By CHOE SANG-HUN
SEOUL, South Korea – North Korea’s leader, Kim Jong Un, announced early Saturday that his country no longer needed to test nuclear weapons or long-range missiles and would close a nuclear test site.
“The nuclear test site has done its job,” Kim said in a statement carried by North Korea’s state media.
Kim’s announcement came just days before a scheduled summit meeting with President Moon Jae-in of South Korea; Kim is also planning to meet with President Donald Trump soon. It was the second time in two days that he made what appeared to be a significant concession to the United States but in reality cemented the status quo. North Korea already had stopped testing its weapons.
Kim made no mention in his latest remarks of dismantling the nuclear weapons and long-range missiles North Korea has already built. On the contrary, he suggested he was going to keep them.
Still, Trump welcomed what Kim said. “This is very good news for North Korea and the World – big progress! Look forward to our Summit,” the president said in a Twitter message.
Moon’s office also praised the announcement. “We view the North’s decision as a significant step toward the denuclearization of the Korean Peninsula the world has wished for,” said Yoon Young-chan, a spokesman for Moon.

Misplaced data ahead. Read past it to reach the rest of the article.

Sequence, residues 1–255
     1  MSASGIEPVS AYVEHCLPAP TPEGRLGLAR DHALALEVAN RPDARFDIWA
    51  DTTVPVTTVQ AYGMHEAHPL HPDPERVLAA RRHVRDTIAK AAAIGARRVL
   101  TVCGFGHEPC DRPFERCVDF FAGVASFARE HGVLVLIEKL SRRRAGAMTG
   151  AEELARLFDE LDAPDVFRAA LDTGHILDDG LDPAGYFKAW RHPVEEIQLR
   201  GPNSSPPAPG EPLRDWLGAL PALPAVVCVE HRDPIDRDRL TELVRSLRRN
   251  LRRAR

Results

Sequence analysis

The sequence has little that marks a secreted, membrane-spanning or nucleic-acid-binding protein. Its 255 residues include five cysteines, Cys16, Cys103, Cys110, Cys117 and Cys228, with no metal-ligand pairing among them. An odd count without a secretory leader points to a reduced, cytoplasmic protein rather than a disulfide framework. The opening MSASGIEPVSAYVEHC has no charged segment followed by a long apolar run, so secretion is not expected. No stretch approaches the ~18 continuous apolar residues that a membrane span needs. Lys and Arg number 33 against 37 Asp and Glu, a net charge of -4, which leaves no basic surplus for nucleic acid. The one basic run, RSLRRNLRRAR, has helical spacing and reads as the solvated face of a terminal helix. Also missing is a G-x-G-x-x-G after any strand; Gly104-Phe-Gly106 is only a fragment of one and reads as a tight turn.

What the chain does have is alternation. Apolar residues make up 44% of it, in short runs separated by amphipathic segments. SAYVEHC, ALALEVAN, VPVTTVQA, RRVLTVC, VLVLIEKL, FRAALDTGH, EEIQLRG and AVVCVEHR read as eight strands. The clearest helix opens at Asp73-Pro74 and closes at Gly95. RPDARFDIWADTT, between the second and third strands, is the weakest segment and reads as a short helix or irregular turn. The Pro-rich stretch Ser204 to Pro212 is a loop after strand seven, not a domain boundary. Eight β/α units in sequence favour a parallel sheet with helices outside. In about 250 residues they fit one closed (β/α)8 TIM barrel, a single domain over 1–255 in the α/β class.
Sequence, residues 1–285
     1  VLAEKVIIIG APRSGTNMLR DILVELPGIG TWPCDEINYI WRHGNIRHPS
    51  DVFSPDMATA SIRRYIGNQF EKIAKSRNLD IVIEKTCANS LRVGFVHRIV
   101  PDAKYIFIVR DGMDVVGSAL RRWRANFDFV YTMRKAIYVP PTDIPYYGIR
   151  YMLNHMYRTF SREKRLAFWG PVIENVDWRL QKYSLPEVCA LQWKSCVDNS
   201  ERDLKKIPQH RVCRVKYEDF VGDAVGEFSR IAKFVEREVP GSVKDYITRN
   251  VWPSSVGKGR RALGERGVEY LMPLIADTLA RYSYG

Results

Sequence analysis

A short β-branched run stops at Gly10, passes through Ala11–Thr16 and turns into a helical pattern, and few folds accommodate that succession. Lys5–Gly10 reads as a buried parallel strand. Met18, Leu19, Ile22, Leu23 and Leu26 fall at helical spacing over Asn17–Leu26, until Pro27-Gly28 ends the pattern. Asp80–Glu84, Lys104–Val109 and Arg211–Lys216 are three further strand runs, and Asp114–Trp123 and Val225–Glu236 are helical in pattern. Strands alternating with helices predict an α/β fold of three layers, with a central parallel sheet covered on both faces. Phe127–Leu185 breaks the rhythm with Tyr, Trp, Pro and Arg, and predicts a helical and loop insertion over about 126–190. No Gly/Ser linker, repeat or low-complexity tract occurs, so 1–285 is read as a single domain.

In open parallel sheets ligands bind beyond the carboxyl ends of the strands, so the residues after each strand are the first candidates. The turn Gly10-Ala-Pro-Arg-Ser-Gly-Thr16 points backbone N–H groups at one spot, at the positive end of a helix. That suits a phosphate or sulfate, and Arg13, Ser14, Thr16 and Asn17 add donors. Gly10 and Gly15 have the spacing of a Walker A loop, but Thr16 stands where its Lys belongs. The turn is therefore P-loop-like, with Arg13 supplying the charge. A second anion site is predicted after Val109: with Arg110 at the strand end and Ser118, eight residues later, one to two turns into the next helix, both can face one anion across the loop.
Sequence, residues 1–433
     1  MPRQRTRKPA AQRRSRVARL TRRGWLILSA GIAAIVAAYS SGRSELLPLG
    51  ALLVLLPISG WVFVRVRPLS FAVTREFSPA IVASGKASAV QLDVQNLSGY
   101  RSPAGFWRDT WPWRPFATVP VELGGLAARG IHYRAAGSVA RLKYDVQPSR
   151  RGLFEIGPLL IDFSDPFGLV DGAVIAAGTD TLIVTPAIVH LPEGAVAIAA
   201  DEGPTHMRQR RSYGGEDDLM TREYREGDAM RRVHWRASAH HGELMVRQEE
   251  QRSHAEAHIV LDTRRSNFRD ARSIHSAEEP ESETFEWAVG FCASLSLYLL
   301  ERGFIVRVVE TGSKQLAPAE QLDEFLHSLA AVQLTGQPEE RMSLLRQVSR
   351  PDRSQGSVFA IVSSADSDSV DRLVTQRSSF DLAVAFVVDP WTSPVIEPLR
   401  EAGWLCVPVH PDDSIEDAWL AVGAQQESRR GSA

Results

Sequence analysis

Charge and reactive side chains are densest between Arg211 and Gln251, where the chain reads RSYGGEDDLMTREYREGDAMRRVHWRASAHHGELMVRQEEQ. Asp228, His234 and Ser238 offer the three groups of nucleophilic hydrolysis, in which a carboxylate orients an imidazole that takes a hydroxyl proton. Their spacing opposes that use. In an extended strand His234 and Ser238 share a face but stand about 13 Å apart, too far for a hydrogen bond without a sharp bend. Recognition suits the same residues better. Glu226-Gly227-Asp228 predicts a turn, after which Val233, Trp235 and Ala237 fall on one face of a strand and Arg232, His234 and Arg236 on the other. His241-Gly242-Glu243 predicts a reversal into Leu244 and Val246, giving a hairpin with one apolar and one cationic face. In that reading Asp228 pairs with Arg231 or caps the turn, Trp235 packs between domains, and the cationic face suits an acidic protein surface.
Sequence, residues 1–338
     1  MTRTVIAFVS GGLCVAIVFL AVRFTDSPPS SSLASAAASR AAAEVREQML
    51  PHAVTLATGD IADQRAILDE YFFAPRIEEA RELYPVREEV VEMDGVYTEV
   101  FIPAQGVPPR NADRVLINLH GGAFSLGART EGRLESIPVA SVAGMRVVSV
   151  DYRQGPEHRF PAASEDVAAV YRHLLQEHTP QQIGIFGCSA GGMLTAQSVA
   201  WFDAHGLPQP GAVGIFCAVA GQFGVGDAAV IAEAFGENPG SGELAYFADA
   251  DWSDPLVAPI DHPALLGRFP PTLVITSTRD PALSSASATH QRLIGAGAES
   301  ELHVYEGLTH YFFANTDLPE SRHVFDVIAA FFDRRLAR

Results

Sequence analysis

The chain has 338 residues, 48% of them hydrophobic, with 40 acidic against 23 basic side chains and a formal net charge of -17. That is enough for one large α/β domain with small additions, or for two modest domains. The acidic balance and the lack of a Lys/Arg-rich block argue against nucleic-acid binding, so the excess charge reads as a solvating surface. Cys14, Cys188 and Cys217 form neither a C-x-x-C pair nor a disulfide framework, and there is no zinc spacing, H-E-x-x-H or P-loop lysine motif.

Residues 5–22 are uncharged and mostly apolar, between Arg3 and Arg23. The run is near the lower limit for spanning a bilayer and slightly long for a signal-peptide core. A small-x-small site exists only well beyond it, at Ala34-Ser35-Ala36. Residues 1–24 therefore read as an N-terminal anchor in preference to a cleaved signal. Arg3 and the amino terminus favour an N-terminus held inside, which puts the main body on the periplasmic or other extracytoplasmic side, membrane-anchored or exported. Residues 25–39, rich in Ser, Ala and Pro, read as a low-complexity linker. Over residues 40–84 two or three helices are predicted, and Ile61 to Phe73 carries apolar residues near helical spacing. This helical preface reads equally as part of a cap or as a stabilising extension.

On Thursday, Moon said Kim had made a similar gesture, saying the North no longer insisted on the withdrawal of American troops from the Korean Peninsula. But White House officials privately dismissed the remarks, saying removal of the troops was never on the table.
Caution toward Kim’s peace overtures also punctuated the reaction of officials from Japan, which North Korea has long threatened with missile strikes. The defense minister, Itsunori Onodera, said the move was “not sufficient” because it did not clearly state whether the suspension included the short and midrange missiles that could hit Japan.
Analysts in the region are divided over Kim’s motives. Some argue that Kim just wanted to use negotiations to buy time and ease international sanctions. But others say Kim would eventually give up his nuclear arsenal if he were provided with the right incentives, such as security guarantees, normalized ties with Washington and economic aid.